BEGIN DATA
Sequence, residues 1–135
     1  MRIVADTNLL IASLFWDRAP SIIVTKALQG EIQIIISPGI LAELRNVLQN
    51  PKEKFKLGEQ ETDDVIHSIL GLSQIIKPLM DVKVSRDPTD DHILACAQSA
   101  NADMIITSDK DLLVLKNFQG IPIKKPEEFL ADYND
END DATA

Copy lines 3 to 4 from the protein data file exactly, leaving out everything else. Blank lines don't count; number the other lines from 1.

    51  PKEKFKLGEQ ETDDVIHSIL GLSQIIKPLM DVKVSRDPTD DHILACAQSA
   101  NADMIITSDK DLLVLKNFQG IPIKKPEEFL ADYND